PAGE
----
Bear Cave Mountain

Today is the start of our Ice Bear adventure but it will only appear on the blog after we are back as we are in the deep, deep Yukon wilderness for a week.

After a breakfast with a French twist from the French Canadian lady in town who has started the Red Mammoth cafe we finalize our packing , André gets a little thrill walking by “Diamond Tooth Gertie” gambling saloon, now closed for the season. We had gone to a dancing girl show there last time we were here.

We are waiting to hear from the helicopter pilot when is it a go for our fight north. Since it has been snowing, the cloud cover is heavy and low. We wait for weather conditions also over the Tombstone mountains on route to Bear Cave Mountain as these are notorious for their own weather pattern. Finally after a 3 hour delay we get the go ahead. The pilot is taken aback by the amount of gear 4 photographers can generate and we have to attach a basket to the side of the helicopter to fit everything in.

These pilots are super versatile and they get to fly with all kinds of loads, often for mining, some fire fighting, drilling oil wells  and construction. Although our flight is long , over two hours it is pretty straightforward. We just need to decide what can stay outside in the basket. André wins the draw to sit next to the pilot and the rest of us, all three pile into the back.

Despite the weather the scenery is breathtaking, with the new snow the landscape looks pristine. We need to fly over the Tombstone mountain range but when we get to it , the pilot does not have enough visibility to clear the range . We detour off to the side. The added flight time and the extra weight of the basket means we do not have enough fuel to reach our destination. We make an additional landing and refuel for the last leg.

André not only has the front and side view, sitting next to the pilot but an additional floor view next to the stick. He is first to see a herd of Carribou and the big Moose just before we land. After a quick change over the helicopter leaves and we start listening to the sounds of nature that surrounds us in this vast wilderness. There are no roads here, hence the helicopter flight to get us there. Immediately we feel a great connection of kindred spirits with Phil and his son Ross who are running this camp.
The weather has been very mild here for this time of the year and temperatures have not yet dipped below freezing. The chum salmon are spawning, they look different to the sockeye a bit more pink and stripy. We hear the same story again , bears have not shown up in the usual numbers. Things do seem promising though as on our first evening we see two Moose a Mum and her young one come onto the rivers edge shortly after followed by two grizzly males, Moose promptly departing not wanting to risk an altercation .

Camp is very simple , the largest hut has the kitchen and dining in it, three small cabins with two people each , one of which is for Phil and Ross, they are big enough for two single beds, an outhouse and a cache for food built 3m off the ground with ladders so the Bears can’t get intinced into the food. We get a briefing on safety and movement around the camp. Arturo one of the other guests is a bit concerned about the night time outhouse visits, but Phil assures him they have not lost a client yet to a sleeping bear.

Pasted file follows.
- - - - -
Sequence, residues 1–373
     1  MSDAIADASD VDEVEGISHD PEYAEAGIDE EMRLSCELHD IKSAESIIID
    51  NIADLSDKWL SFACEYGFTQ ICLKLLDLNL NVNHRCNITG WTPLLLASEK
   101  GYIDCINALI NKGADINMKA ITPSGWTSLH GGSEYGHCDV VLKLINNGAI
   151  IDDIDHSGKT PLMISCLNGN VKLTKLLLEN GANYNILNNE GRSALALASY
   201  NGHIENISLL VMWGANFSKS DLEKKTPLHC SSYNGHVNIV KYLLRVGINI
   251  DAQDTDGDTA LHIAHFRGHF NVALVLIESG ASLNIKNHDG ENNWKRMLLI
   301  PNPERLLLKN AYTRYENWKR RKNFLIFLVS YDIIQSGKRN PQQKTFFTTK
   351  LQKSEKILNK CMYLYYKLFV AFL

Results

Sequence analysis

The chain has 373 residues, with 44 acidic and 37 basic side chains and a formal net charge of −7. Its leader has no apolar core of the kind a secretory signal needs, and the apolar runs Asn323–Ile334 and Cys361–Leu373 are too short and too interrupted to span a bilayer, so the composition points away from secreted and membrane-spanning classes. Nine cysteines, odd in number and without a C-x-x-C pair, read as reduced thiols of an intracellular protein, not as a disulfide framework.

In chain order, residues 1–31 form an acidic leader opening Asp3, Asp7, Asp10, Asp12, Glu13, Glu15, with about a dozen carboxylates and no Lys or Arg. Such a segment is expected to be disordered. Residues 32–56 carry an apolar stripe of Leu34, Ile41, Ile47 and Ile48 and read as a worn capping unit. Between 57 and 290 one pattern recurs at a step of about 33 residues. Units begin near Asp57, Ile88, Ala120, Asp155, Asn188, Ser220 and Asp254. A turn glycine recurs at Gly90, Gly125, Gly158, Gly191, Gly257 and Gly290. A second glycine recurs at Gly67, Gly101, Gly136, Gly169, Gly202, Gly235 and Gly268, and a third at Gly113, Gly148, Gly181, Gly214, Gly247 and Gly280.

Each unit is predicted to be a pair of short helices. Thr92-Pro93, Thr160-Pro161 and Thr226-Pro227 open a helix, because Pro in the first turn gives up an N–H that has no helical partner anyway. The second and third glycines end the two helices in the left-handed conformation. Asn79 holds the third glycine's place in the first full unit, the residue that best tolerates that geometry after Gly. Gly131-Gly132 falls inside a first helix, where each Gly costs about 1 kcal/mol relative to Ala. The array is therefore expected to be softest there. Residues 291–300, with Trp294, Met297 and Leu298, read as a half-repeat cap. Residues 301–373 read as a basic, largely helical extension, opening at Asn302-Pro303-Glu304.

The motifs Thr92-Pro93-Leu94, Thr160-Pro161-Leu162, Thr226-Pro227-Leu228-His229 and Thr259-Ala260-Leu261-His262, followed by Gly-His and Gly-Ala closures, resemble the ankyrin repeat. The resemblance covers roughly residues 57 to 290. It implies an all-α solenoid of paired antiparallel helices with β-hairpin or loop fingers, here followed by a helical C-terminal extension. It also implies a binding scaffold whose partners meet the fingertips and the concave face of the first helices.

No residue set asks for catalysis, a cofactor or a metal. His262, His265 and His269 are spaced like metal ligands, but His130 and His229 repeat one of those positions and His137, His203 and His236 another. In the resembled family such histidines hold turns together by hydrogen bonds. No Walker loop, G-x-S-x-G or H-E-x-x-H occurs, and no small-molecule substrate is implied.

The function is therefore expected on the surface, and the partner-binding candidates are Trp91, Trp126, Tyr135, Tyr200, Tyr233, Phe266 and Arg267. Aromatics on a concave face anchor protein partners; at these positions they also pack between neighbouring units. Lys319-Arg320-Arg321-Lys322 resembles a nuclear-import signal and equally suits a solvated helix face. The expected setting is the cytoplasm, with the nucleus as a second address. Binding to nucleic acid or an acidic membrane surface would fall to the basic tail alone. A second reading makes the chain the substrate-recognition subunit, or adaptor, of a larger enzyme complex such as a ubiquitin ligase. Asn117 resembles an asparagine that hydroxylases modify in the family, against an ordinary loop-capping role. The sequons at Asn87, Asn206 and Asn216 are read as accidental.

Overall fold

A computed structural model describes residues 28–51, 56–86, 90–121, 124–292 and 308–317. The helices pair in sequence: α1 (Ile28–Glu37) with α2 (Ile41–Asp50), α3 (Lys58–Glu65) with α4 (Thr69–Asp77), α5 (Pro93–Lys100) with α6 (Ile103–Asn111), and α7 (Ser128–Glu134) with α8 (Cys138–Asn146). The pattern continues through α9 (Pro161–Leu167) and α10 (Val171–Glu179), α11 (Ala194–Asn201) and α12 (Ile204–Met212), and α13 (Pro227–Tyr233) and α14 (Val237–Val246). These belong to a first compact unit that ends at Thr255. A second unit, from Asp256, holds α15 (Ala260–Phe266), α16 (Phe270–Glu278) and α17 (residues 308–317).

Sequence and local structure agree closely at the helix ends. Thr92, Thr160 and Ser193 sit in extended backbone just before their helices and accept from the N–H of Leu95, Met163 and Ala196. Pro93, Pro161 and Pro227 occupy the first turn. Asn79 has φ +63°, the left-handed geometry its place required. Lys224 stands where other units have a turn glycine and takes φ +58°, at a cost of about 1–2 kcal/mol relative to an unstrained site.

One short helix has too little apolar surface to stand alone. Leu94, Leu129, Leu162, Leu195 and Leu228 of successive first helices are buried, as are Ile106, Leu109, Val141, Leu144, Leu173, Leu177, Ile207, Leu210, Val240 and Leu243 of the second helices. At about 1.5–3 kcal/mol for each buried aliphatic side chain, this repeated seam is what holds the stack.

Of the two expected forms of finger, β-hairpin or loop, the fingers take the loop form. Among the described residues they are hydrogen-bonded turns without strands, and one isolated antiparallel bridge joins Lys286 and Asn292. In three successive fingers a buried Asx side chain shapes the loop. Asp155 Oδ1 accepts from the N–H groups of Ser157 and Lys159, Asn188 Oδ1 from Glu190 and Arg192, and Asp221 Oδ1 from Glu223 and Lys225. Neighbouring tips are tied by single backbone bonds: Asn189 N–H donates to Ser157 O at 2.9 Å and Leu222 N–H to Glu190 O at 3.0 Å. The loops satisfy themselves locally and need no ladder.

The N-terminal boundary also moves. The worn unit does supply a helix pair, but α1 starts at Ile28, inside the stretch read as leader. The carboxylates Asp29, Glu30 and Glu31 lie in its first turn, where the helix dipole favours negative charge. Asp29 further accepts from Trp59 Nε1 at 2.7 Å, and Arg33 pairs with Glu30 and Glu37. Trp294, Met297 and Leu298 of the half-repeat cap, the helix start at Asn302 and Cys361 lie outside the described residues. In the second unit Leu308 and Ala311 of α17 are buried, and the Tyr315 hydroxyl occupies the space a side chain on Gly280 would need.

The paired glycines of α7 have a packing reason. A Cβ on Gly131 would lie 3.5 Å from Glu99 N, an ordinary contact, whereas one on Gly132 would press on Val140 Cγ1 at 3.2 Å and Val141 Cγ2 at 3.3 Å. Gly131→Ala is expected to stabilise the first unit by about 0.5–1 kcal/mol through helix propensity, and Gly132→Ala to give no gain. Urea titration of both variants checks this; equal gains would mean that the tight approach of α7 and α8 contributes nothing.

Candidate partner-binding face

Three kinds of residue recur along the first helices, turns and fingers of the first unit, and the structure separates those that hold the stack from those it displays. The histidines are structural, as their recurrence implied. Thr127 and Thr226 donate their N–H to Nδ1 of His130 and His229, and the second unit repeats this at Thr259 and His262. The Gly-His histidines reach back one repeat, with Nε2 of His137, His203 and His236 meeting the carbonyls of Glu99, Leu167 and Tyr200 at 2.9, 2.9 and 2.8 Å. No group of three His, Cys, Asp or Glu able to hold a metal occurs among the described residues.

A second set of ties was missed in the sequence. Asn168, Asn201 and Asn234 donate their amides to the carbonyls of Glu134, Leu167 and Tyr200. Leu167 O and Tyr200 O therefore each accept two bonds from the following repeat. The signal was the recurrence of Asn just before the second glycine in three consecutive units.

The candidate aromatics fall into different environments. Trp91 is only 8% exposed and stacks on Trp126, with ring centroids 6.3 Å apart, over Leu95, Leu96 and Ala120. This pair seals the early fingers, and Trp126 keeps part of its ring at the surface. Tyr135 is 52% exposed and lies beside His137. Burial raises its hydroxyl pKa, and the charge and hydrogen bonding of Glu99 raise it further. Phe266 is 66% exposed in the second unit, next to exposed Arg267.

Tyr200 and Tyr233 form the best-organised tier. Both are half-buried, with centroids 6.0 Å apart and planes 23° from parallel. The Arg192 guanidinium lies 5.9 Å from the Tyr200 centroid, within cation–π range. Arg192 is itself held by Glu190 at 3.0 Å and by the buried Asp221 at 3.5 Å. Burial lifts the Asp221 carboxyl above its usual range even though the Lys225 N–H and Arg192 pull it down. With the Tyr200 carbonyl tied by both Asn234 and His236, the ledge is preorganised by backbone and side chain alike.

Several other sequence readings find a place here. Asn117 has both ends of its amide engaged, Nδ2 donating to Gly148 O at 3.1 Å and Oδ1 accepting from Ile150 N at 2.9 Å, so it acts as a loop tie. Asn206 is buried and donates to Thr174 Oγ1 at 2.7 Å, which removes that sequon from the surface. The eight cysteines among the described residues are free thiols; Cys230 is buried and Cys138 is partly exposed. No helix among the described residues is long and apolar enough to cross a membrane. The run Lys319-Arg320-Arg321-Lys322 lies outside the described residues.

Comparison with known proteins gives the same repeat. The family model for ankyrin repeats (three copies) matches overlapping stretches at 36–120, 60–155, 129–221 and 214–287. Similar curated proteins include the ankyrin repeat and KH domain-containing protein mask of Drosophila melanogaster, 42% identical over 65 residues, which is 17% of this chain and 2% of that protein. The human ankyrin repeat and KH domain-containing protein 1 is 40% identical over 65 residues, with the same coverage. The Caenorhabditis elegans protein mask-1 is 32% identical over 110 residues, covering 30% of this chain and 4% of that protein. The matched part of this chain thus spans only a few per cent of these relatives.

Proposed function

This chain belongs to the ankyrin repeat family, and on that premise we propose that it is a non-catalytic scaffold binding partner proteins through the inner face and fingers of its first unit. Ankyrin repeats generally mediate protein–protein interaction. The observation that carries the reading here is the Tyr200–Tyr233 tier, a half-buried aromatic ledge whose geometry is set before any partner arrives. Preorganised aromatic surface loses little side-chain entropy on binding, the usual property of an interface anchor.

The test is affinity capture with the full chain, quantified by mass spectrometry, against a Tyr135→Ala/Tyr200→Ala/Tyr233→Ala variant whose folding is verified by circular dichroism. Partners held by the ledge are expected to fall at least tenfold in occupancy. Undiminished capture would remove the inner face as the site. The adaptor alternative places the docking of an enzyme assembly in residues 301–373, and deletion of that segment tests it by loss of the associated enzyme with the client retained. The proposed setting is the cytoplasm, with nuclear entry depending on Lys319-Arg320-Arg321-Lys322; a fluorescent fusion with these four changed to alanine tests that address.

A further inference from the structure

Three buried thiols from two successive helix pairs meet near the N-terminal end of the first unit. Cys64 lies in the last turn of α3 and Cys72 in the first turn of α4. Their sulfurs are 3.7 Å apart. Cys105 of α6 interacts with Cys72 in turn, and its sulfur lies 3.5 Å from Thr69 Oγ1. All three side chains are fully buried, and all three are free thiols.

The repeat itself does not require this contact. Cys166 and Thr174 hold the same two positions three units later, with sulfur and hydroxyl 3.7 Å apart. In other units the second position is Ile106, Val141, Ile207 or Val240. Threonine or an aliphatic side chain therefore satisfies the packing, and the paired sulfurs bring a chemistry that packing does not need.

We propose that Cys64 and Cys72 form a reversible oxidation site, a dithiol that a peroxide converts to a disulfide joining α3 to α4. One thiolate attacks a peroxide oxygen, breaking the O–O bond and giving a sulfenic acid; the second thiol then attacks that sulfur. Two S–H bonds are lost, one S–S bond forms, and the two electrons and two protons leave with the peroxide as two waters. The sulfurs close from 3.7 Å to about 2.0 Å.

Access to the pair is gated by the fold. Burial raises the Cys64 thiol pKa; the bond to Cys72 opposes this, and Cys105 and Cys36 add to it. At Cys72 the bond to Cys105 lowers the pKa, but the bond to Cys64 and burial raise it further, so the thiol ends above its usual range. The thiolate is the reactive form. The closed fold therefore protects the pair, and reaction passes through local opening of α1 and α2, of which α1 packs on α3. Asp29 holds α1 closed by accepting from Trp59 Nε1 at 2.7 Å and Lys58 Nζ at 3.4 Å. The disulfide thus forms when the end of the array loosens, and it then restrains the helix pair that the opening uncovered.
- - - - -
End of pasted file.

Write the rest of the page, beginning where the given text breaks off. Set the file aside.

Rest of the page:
The next morning dawns with brilliant colours, temperature has dropped to -4C and we have new snow.Right on the edge of the river a short walk from the cabins we have a large pool of spawning salmon, so this should be a good spot to wait for bears. There are two other sites for viewing the Bears which will require a walk through the woods. We spend the morning at the camp and get rewarded with Sophie the 12 year old first time Mum bringing her one year old cub for a bit of a fish.

We watch as she runs through the water catching a salmon , while Junior despite his young age chooses to do his own fishing rather than relying on Mum. She even comes over a couple of times to have a nibble of his fish. We are told she had two cubs last year and she has lost the female cub over winter and only has this one left. It means she has to take on the role of teaching him bear to bear behaviour and how to spar with other Bears as he gets older.
In the afternoon we go to the other sites and see lots of salmon making its way to their spawning spot. The male apparently attaches to one female and tells her when she is in the spot to lay the eggs, he gives her a little shimmer on the body. When she feels it’s right she deposits the eggs in the river gravel and they both die shortly after. We enjoy the beauty and peace of the place and Sophie pops out walking on a log promptly followed by junior. The light is perfect.

Next day is pretty quiet, temperatures have dropped to -8C and we are wearing all the layers. Phil has fitted us out with super toasty boots ( should not have worried about my Sorel disaster) and padded, warm pants. By the time I have all the layers on it is quite epic to go for a pee.
We are being spoilt by Ross and Phil and their cooking, lots of amazing stories being shared in the evenings, but we all fade by 9pm and are off to bed, after squeezing the last outhouse visit before bed. We do get some Northern lights, but mainly with the evening snow it is overcast.

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